November Arrives on the Tallgrass Prairie

“Show’s over, folks. And didn’t October do a bang-up job? Crisp breezes, full-throated cries
of migrating geese, low-floating coral moon. Nothing left but fool’s gold in the trees.” —Maggie Dietz

******

It’s transition week on the prairie.

Bee balm (Monarda fistulosa), Searls Park Prairie, Rockford, IL.

This past weekend in the Chicago region we had our first freeze warning. In my garden, I’ve long given up on the tender perennials. Basil and zucchini were zapped by frosts last week. But parsley, rainbow chard, and zinnias still hang on, as do some overlooked cherry tomatoes. I plucked infant “Giant Italian” green peppers from the plants, chopped and froze them. Then, I picked bowlfuls of hard green tomatoes which slowly ripen on the kitchen counter. Each one is a memory of a warmer season past.

October is over. Welcome, November.

Now, the leaves flame into color, then drift through the cold air like confetti in brisk winds.

Maple (Acer sp.), The Morton Arboretum, Lisle, IL.

Now, the late prairie wildflowers transform to seed or are plundered by birds.

Searls Park Prairie, Rockford, IL.

Grasses, nibbled and worn by weather and wind, sprinkle their progeny on the prairie soil.

Indian grass (Sorghastrum nutans), Belmont Prairie Nature Preserve, Downers Grove, IL.

It’s all about the seeds.

Stiff goldenrod (Oligoneuron rigidum), Searls Park Prairie, Rockford, IL.

And will be, until fire touches the dry grass and wildflowers. Months away.

Prairie planting, The Morton Arboretum, Lisle, IL.

In the mornings, I brew large carafes of coffee and sip slowly while reading the paper. The news is both encouraging—and disheartening. The pandemic seems to be winding down. Vaccines are widely available. And yet. As of November 1, more than 5 million have died from Covid-19. Who would have imagined this, just two years ago? Later, I pull out my journals and revisit those early days of March 2020, when the pandemic began. Wiping down groceries. Waving at our grandkids from the driveway. Counting how many rolls of toilet paper we had left. It’s been a long haul.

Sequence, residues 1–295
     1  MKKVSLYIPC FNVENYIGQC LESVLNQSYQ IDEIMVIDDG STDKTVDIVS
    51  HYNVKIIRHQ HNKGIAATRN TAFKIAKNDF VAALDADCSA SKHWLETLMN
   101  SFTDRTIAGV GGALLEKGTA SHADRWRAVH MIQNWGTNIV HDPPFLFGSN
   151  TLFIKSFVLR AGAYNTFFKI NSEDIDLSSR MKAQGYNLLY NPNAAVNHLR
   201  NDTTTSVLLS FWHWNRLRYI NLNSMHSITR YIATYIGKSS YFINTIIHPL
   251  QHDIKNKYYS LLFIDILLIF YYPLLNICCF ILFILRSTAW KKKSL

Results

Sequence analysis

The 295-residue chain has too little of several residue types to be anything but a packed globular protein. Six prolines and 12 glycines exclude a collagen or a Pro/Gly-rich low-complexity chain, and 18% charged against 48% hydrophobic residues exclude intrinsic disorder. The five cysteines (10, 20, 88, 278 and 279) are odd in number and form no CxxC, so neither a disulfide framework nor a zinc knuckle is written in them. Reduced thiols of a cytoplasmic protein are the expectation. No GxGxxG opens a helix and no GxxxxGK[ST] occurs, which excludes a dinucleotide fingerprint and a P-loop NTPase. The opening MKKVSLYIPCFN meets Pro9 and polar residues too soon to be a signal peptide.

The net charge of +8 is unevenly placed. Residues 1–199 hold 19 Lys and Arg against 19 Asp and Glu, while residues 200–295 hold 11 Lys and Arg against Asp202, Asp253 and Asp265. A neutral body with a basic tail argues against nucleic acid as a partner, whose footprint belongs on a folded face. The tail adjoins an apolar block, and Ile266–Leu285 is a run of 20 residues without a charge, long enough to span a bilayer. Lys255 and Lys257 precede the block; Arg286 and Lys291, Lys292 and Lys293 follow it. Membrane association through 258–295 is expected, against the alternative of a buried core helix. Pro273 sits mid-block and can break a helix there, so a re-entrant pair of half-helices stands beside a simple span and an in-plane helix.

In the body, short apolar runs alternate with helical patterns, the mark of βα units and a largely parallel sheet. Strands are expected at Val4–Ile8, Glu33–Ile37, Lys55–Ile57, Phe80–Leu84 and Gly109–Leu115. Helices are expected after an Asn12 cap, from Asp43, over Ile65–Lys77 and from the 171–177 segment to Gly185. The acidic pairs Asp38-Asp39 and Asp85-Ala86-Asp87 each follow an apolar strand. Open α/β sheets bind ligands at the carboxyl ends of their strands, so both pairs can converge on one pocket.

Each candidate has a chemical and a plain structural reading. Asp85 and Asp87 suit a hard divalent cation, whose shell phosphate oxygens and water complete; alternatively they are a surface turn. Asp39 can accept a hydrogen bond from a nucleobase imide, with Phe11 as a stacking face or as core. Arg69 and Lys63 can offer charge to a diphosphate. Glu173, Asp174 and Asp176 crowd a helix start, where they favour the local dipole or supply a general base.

Searls Park Prairie at the end of October, Rockford, IL.

Despite the grim news, I feel hopeful going into the winter of 2021. Much more optimistic than I’ve been since the pandemic’s first days.

Searls Park Prairie, Rockford, IL.

There was good news over breakfast. On Monday, November 1, Chicago-Rockford International Airport was to bulldoze the Bell Bowl Prairie. At the eleventh hour, thanks to the tireless work of many dedicated people, it received a stay of execution until March 1, 2022. Perhaps not the type of closure we hoped for. But a step in the right direction. You can read more here.

Chicago-Rockford International Airport, home to Bell Bowl Prairie, Rockford, IL.

Hope. Optimism.

It feels good to tap into those emotions again.

Belmont Prairie Nature Preserve, Downers Grove, IL.

The prairie walks I take are a part of that optimism. They’ve kept my spirits up through the pandemic. Kept me in touch with the wonders that are always all around, no matter how grim the headlines.